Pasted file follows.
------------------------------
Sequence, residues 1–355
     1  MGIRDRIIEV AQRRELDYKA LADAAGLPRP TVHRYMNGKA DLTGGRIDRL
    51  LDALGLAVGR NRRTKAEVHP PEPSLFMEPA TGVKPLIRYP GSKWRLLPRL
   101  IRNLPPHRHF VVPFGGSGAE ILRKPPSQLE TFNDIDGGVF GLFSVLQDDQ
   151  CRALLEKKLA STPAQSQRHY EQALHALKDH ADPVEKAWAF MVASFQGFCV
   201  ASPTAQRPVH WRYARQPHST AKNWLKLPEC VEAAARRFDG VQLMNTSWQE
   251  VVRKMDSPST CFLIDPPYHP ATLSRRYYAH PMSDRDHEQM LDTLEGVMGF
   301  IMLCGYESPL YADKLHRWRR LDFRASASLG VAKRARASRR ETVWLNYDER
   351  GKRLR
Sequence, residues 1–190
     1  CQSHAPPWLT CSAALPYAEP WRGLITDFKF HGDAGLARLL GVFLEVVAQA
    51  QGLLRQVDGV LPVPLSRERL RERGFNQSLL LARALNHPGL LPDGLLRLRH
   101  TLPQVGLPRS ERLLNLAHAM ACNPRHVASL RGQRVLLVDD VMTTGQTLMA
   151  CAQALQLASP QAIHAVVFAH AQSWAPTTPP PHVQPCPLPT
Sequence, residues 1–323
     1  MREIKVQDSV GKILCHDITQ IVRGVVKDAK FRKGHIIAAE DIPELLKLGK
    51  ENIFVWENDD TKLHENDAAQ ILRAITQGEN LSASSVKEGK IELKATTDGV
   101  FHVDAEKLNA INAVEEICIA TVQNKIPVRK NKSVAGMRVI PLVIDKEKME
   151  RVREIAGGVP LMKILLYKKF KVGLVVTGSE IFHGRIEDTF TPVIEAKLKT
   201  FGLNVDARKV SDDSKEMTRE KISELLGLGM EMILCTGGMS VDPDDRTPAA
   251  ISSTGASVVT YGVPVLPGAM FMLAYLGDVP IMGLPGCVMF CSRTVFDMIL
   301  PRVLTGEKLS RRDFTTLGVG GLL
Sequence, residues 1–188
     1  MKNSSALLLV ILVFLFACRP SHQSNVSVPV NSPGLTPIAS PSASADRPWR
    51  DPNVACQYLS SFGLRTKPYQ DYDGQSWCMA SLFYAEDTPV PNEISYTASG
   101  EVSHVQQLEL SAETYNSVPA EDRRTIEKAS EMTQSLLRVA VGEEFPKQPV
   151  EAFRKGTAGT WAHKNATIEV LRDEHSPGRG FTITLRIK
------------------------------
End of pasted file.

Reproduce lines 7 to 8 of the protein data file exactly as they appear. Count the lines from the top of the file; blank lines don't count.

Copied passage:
   251  VVRKMDSPST CFLIDPPYHP ATLSRRYYAH PMSDRDHEQM LDTLEGVMGF
   301  IMLCGYESPL YADKLHRWRR LDFRASASLG VAKRARASRR ETVWLNYDER